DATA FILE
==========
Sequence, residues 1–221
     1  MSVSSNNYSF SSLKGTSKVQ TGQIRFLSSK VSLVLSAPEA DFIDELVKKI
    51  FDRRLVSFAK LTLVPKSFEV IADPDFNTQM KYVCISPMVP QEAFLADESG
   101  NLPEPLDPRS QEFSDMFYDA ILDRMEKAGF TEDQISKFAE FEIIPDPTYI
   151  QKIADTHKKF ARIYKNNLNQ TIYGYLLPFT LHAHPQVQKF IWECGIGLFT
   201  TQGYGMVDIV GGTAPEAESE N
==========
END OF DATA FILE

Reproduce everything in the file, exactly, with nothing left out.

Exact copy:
Sequence, residues 1–221
     1  MSVSSNNYSF SSLKGTSKVQ TGQIRFLSSK VSLVLSAPEA DFIDELVKKI
    51  FDRRLVSFAK LTLVPKSFEV IADPDFNTQM KYVCISPMVP QEAFLADESG
   101  NLPEPLDPRS QEFSDMFYDA ILDRMEKAGF TEDQISKFAE FEIIPDPTYI
   151  QKIADTHKKF ARIYKNNLNQ TIYGYLLPFT LHAHPQVQKF IWECGIGLFT
   201  TQGYGMVDIV GGTAPEAESE N